...If Wafa Sultan was against child marriage in medieval Islam, then perhaps she should have also dealt with the institution of child marriage in Jewish laws of the same period, since her speech was made in a synagogue and her audience was primarily Jewish.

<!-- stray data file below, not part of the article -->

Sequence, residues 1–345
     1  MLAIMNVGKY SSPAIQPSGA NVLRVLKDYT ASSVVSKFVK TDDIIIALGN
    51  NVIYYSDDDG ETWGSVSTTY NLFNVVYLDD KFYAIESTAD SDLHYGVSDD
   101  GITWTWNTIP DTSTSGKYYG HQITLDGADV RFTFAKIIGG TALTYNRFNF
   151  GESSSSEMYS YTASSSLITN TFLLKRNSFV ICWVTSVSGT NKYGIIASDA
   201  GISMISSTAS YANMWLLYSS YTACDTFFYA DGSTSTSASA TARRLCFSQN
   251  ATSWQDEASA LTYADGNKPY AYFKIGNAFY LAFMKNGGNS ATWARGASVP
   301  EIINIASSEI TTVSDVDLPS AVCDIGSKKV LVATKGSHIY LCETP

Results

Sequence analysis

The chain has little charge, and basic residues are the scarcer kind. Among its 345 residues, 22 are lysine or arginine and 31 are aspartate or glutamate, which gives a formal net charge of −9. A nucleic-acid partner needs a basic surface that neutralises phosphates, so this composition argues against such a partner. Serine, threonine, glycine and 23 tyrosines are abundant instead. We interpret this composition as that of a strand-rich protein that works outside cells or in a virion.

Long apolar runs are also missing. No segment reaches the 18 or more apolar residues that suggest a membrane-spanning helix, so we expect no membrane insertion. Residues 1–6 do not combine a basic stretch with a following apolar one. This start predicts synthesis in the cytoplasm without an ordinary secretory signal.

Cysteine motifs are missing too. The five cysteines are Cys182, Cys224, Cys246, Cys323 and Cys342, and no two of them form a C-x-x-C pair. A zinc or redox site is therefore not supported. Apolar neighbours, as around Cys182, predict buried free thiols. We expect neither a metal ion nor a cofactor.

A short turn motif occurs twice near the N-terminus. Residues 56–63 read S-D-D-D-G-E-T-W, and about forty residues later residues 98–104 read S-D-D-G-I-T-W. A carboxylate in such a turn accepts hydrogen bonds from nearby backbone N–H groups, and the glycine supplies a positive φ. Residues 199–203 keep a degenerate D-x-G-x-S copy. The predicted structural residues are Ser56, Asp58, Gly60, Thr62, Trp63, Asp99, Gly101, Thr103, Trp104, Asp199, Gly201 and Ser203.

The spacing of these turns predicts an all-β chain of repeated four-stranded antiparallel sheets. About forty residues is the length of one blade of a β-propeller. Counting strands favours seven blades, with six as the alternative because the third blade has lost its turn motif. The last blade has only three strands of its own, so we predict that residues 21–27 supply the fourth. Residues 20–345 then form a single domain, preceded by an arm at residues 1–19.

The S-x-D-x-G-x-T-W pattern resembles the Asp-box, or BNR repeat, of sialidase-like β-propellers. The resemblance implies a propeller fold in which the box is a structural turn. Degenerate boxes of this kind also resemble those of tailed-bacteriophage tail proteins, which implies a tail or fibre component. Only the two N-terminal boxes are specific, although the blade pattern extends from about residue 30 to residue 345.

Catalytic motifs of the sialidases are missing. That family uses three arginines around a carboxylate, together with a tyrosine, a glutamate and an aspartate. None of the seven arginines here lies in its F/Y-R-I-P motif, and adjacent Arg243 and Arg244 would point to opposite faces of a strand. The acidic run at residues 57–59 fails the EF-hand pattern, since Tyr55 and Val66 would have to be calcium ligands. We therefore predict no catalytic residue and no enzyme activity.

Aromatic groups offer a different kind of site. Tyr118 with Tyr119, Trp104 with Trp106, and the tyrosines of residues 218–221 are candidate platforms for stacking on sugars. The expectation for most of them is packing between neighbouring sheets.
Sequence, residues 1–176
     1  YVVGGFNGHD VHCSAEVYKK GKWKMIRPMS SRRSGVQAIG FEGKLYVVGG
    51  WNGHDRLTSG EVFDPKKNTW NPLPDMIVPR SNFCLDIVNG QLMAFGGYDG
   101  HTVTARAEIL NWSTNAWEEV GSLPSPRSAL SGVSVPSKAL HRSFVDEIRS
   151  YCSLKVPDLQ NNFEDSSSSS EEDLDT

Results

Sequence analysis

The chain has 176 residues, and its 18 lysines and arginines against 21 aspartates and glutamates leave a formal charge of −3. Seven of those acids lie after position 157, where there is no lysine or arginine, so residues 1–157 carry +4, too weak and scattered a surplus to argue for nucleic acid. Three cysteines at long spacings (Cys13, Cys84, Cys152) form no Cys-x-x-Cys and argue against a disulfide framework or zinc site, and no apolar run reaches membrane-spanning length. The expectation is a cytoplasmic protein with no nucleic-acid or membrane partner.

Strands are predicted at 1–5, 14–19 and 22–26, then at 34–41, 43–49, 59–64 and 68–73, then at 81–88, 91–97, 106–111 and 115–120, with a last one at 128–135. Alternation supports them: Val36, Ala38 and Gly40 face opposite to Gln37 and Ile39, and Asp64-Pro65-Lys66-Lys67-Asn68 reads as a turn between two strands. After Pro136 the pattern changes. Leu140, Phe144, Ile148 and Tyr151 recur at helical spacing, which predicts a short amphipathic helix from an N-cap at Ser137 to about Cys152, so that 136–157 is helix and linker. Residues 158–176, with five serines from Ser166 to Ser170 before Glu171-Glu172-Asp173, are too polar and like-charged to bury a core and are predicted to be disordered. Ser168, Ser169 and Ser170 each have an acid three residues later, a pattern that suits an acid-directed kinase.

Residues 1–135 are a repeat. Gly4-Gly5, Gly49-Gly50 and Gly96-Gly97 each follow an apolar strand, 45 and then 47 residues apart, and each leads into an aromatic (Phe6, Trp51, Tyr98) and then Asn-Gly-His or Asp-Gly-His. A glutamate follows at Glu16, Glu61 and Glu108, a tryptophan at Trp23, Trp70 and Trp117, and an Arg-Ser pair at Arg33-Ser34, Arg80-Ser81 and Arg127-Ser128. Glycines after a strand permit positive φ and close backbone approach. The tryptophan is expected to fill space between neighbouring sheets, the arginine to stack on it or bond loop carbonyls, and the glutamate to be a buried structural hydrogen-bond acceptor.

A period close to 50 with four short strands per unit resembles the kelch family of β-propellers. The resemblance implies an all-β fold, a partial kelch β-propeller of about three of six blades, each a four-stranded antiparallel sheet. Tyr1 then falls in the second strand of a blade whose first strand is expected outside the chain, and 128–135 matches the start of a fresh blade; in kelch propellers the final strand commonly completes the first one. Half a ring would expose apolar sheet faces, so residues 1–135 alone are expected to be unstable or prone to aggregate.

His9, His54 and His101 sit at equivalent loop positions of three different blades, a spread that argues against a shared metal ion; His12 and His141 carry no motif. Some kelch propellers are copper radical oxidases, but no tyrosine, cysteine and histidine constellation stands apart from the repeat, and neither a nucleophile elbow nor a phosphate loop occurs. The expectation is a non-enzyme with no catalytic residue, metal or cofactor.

Wafa Sultan should also have considered the Talmudic Jewish traditions on child marriage that too permitted child brides. Not being an expert on Jewish law on child marriage, I had to rely on the Jewish Encyclopedia. I also requested two rabbi friends of mine to help me with this area One expressed his regrets, saying he was not an expert in the area, but my other friend acknowledged that although it is possible for marriages to be arranged in childhood, but no physical contact can happen before the age 13.As we Jews are wont to say in times of stress, "Oy to the vey!" Wafa Sultan wasn't invited to debate the merits of Talmudic Judaism and its position on child marriage. She, an ex-Muslim, was there to disagree with Daniel Pipes's assertion that there was such a thing as "moderate" Islam, or could be, or would be. She was there to tell the truth about what exactly was in Islamic doctrine. And part of Islamic teaching--Islam's story as captured in the Koran and hadith--deals with Mohammed's child bride Aisha, who really was a child: aged six when he fell for her; aged nine when sealed the deal with nooky. He, on the other hand, was on the far side of late middle age. And because of this Medieval, er, "love story," modern by-the-book Muslims feel they, too, can take a child bride in emulation of Islam's founder, the most "perfect" human being who has ever lived. I could be wrong, but I don't see many modern day Jews marrying teenagers as young as 13 (which is not, it must be noted, as young as 9) in emulation of the Talmud. (And, actually, I'm not even sure Fatah's citations are correct; I'll have to research it.)